A small group of colleagues formed around Dominic, but soon left him since the challenge and rigours of a simple lifestyle together with demanding preaching discouraged them. Finally Dominic gathered a number of men who remained faithful to the vision of active witness to the Albigensians as well as a way of preaching which combined intellectual rigour with a popular and approachable style. By departing from accepted church practices and learning from the Albigensians, Dominic laid the ground for what would become a major tenet of the Dominican order over time – to find truth no matter where it may be.[citation needed]

In 1215, Dominic established himself, with six followers, in a house given by Peter Seila, a rich resident of Toulouse.[13] He subjected himself and his companions to the monastic rules of prayer and penance; and meanwhile bishop Foulques gave them written authority to preach throughout the territory of Toulouse.[14] Thus the scheme of establishing an order of Preaching Friars began to assume definite shape in Dominic's mind.[citation needed]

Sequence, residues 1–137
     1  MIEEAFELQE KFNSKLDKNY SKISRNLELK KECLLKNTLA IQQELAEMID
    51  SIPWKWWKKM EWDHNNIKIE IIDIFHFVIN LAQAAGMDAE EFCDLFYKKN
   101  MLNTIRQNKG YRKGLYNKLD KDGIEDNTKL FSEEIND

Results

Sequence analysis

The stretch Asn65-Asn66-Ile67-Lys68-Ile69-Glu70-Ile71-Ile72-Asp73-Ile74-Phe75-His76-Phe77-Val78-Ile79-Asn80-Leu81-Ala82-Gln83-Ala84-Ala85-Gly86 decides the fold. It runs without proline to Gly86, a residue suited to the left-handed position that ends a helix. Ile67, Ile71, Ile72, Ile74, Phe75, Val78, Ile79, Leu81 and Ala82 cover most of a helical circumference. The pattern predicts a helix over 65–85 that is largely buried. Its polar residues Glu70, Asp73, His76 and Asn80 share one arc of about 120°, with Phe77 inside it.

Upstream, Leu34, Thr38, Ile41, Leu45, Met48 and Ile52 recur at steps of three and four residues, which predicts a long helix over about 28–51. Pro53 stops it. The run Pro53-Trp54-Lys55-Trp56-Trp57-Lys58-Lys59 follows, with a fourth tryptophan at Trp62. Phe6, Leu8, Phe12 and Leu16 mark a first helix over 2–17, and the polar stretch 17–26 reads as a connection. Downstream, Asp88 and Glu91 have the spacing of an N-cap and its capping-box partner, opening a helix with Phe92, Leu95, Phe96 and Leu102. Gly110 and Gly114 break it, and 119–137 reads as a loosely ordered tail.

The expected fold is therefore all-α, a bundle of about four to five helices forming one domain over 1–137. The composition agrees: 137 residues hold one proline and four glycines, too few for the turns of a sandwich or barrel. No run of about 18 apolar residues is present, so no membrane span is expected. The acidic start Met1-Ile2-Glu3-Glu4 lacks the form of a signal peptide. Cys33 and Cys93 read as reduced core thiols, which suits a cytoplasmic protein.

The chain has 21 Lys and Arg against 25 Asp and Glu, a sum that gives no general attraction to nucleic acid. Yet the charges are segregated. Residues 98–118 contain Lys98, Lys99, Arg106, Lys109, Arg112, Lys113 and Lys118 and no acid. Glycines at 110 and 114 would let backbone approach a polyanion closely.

The final result of his deliberations was the establishment of his order. In the same year, the year of the Fourth Lateran Council, Dominic and Foulques went to Rome to secure the approval of the Pope, Innocent III. Dominic returned to Rome a year later, and was finally granted written authority in December 1216 and January 1217 by the new pope, Honorius III for an order to be named "The Order of Preachers" ("Ordo Praedicatorum", or "O.P.," popularly known as the Dominican Order).[15] This organization has as its motto "to praise, to bless, to preach" (Latin: Laudare, benedicere, praedicare), taken from the Preface of the Blessed Virgin Mary in the Roman Missal.[citation needed]